New to Tri-UU?
We are the Tri-County Unitarian Universalists (Tri-UU) in Summerfield, Fla. Unitarian Universalism is a centuries-old movement that truly welcomes all people, no matter who they are or what religious or nonreligious beliefs they hold. We are brave, curious, compassionate, and a bit feisty, too. Most important in the Unitarian Universalist philosophy is the free and responsible search for individual meaning.
Tri-UUers have diverse backgrounds, including traditional Christian, Jewish, Eastern, Humanist, Pagan, agnostic, atheist, and other philosophies that make the world so interesting. And as an LGBTQ Welcoming Congregation, Tri-UU offers all people a comfortable, supportive home.
Committed to “deeds, not creeds,” Tri-UU has a rich history of social justice activism and offers activities and classes to meet the many interest of our members.
Sound intriguing? Browse through our website, then consider a visit to our congregation in Summerfield, Fla.
Come visit with an open or a skeptical mind, with a bruised or a joyful heart, because you will indeed be welcomed. Your adventure starts here!
Who We Are
The Tri-County Unitarian Universalists congregation (Tri-UU) was formed in 1982. Ever since, our vibrant, open-minded, and diverse group of people continually strives to support and love each other in the pursuit of spiritual growth and social justice.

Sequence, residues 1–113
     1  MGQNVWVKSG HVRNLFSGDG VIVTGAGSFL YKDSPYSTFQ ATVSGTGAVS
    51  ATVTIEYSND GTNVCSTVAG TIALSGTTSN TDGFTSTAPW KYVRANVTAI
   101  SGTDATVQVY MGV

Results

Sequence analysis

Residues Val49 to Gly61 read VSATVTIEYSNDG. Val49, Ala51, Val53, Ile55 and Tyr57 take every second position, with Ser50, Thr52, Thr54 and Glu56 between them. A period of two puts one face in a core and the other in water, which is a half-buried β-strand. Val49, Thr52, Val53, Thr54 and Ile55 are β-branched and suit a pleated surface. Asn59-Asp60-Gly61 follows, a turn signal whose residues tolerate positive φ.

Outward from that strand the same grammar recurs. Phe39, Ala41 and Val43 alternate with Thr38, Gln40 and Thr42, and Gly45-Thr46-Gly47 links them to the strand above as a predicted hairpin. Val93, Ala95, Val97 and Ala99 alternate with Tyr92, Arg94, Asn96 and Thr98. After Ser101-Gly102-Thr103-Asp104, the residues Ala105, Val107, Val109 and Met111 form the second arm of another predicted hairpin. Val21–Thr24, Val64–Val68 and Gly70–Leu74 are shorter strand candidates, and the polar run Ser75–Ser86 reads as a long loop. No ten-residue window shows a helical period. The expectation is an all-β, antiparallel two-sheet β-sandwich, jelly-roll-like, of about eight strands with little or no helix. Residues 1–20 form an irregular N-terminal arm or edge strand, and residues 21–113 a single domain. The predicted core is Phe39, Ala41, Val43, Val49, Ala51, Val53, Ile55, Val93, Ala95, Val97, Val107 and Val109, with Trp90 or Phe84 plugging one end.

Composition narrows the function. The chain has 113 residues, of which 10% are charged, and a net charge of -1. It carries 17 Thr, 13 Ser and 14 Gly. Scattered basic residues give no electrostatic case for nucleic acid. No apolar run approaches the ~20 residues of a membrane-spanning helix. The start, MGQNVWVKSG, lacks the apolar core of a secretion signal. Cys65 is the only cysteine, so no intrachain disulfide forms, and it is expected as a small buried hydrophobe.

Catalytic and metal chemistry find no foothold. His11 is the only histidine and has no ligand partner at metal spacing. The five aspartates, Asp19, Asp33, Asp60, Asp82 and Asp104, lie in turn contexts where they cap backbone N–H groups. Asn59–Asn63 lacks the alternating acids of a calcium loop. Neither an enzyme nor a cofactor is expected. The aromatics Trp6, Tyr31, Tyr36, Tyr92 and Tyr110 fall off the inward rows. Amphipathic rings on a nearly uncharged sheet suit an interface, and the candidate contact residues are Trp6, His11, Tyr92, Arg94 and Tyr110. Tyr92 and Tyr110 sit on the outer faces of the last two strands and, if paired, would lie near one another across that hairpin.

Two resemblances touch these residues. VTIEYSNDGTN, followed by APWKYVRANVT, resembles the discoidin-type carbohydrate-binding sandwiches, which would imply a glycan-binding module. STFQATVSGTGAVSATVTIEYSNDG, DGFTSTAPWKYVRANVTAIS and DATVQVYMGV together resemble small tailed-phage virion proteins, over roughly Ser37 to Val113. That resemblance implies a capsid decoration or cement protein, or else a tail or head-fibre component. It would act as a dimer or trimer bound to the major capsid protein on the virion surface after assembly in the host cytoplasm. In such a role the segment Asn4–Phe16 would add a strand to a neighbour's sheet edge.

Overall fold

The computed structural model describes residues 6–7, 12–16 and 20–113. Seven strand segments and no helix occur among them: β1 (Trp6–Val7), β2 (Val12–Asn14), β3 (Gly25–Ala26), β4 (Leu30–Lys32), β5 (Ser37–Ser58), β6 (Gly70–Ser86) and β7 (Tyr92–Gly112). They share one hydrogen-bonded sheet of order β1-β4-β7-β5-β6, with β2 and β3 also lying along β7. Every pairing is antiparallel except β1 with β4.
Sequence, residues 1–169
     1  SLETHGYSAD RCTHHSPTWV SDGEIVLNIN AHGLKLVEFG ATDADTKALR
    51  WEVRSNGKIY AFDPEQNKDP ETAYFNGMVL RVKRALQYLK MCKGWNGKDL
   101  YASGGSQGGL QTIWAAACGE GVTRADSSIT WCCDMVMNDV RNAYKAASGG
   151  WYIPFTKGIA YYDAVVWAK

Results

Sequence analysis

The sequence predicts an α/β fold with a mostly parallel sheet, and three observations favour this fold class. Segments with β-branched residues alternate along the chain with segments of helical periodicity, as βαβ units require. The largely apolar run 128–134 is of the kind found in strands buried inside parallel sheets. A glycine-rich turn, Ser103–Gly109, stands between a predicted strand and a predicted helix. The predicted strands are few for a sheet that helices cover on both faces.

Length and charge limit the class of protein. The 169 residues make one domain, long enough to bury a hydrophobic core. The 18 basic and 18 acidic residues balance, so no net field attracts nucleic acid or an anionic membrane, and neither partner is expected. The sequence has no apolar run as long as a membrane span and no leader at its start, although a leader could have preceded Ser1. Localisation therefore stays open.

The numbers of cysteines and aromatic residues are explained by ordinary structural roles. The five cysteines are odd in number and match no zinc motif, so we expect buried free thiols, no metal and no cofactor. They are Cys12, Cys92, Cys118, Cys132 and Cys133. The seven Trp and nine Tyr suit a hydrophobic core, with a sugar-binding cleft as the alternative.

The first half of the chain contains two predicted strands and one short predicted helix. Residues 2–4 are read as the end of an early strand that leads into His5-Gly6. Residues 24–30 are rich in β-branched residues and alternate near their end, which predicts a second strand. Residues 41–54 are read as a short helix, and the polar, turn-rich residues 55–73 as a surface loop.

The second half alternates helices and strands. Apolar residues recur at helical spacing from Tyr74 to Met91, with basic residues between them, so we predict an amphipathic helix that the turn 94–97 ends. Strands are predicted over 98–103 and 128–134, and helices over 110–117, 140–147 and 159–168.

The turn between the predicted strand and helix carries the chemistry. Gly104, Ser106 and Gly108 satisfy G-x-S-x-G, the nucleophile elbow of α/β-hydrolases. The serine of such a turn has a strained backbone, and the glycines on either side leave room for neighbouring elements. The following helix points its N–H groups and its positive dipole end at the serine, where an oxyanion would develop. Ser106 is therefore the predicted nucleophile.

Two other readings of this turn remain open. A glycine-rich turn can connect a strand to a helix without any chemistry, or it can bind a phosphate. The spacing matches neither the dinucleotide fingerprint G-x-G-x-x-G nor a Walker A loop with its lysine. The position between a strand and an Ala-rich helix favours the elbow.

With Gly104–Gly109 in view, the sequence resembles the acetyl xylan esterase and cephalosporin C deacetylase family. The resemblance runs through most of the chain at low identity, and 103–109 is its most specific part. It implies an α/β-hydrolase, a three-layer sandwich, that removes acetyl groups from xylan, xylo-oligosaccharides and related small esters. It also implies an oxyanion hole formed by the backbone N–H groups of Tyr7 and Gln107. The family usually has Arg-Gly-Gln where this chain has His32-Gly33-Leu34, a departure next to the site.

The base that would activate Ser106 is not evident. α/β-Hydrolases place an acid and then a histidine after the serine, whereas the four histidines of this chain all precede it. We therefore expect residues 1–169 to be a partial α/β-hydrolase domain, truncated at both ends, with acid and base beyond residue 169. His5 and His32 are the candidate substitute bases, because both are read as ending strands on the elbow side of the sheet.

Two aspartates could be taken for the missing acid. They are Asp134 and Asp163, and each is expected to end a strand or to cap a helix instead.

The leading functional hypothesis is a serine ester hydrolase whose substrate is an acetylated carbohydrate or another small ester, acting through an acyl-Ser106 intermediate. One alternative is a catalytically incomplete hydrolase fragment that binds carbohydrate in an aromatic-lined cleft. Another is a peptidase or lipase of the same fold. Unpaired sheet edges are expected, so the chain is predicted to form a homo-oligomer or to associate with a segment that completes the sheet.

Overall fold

The current and growing membership of around 120 is augmented by many others who choose to participate without formal membership, and both full-time and seasonal Florida residents are well represented. Because we are located in the center of one of the most highly concentrated retirement areas in the country, the demographic of the church skews toward those over 55, although people of all ages are most welcome.
We are diverse in background and belief. Many have come from traditional Judeo-Christian backgrounds and from other world beliefs and nonbeliefs. Whatever you believe – or don’t believe – about God, you will find yourself among others like you. Unitarian Universalism encourages each of us to search for individual spiritual meaning that both comforts and challenges each of us to become our best self. We are guided by the covenantal principle of the worth and dignity of all, and we draw inspiration from history, nature, science, and our family of congregants.
We put our individual and shared values into action. Issues such as marriage equality, environmental change, immigration, the sanctity of nature, and the worth of all races and people are addressed by a vigorous social justice component that conducts and assists in community programs and action.
We also support individual spiritual growth and the value of social interaction through classes, small groups, social events, meals, and shared church projects. Sunday services are conducted by the minister, a ministerial team, the choir, and the active participation of the church community. It’s important to note that the Unitarian Universalist Association empowers each local congregation to be autonomous in the establishment of organization, rules, and action – a unique system in the world of religion.
The Tri-UU Mission
“We unite in religious community to seek spiritual growth, live with integrity, and serve with compassion.”